• Retracing or counting steps, like walking the same path several times before entering the classroom
  • Cleaning letters over and over until they are satisfyingly accurate
  • Distraction and not paying attention in class - this might mean the child is involved in a mental ritual, such as repeating some words or numbers in their head to prevent bad occurrences

At Home:

  • Disinterest in playing with other children or unknown toys
  • Gathering or hoarding items in large quantities
  • Fear of catching germs from regular objects or animals
  • Wasting time in the bathroom to wash their hands or their items
  • Fear of making errors that may lead to a parent’s death, pain to the family pet, or damages to the house
  • Monotonous or ritualistic actions, sometimes with irrational reasons, like checking a door handle more than once to make it is locked to prevent burglary
  • Fixation with special numbers. For instance, a child may only prefer a certain number and divide their food into that specific number when eating
  • Touching things in a particular order and making sure that items in the house are not disorganized (the child may often use the same words or sentences in the right way, particularly at bedtime)
  • Concern about death, religious questions, or abstract ideas like evil and good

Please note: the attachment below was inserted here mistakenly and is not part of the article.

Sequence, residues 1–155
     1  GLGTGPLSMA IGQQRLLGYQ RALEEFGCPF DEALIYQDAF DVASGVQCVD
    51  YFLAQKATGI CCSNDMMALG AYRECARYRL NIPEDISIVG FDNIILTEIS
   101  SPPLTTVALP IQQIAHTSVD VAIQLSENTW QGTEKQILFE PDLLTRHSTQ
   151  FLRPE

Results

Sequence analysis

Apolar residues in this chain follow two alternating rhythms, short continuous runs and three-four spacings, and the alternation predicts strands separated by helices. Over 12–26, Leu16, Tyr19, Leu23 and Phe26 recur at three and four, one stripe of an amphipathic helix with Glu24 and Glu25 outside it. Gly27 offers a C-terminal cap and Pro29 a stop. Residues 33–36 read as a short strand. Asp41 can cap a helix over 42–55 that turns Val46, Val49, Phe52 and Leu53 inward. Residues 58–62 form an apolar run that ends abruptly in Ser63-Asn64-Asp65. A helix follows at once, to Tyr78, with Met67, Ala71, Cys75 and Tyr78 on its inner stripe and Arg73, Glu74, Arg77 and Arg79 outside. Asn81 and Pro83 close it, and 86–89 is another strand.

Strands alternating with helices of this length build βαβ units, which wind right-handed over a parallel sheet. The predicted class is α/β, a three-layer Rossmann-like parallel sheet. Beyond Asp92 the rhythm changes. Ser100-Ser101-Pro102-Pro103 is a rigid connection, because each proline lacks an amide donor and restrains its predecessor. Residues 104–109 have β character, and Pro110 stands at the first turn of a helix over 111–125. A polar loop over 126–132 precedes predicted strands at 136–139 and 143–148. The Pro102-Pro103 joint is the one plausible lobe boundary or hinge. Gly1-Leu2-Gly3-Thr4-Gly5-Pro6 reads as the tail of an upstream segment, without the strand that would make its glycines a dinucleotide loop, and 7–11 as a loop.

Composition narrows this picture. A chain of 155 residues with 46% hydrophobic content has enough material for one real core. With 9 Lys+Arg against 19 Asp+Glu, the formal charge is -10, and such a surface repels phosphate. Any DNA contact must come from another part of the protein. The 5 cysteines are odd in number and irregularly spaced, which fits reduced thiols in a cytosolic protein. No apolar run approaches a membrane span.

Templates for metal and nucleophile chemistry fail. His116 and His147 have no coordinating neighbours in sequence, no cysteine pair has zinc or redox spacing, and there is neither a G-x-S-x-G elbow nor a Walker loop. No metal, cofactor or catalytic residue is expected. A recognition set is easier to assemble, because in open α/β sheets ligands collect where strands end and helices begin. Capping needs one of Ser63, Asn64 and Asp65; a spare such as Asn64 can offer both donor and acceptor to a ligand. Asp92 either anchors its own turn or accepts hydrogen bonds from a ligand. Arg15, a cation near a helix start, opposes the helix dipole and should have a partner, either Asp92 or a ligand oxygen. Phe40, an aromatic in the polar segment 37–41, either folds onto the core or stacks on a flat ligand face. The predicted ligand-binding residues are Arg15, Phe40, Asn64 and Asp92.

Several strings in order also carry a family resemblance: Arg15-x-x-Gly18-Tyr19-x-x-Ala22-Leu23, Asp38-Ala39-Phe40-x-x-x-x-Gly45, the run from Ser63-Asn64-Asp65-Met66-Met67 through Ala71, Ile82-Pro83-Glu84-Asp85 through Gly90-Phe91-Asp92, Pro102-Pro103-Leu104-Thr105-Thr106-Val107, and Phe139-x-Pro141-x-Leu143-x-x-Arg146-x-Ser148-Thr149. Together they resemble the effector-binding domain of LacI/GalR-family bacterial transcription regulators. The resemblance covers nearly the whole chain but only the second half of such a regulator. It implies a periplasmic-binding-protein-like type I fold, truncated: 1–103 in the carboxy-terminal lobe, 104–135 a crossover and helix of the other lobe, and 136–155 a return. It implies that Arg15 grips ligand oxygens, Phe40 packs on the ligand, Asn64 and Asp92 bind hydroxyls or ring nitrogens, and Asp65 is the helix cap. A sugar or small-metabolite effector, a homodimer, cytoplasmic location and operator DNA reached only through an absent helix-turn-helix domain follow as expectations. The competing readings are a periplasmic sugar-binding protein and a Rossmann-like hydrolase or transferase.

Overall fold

Symptoms may change over time. They are hardly constant and may lessen or worsen, depending on the child’s level of stress or tiredness. Even if there are fluctuations, this is how the disorder works and not an indication of recovery, so it is necessary to seek needed intervention.

Causes Of OCD In Children

Mental health professionals do not completely understand the cause of OCD in children. Studies suggest that biological and environmental factors may play a role in the condition. It is crucial to understand that OCD is usually not the fault of the child or their parents.

Biological factors: OCD is a neurobiological disorder, so the idea is that it is the result of an imbalance of specific brain chemicals. Research has shown an association between low levels of the neurotransmitter serotonin in the development of OCD in children. Some studies suggest that parents can transfer serotonin deficiencies to their children. Due to this, experts believe there is a genetic factor at play with OCD development.

Environment factors: Some environmental situations and stressors can trigger the development of OCD in children who are at risk of the disorder. Some of the situations that may cause or worsen the symptoms include the death of a loved one, physical or emotional abuse, abrupt changes to the living environment, parental divorce, issues or changes in school, and other traumatic incidents.

Some research indicates that a strep infection may also trigger the initial signs of OCD in those who are genetically at risk of the condition. This form of OCD is known as Pediatric, Autoimmune Neuropsychiatric Disorder Associated with Streptococcus (PANDAS) if it is caused by a strep infection.

Making A Diagnosis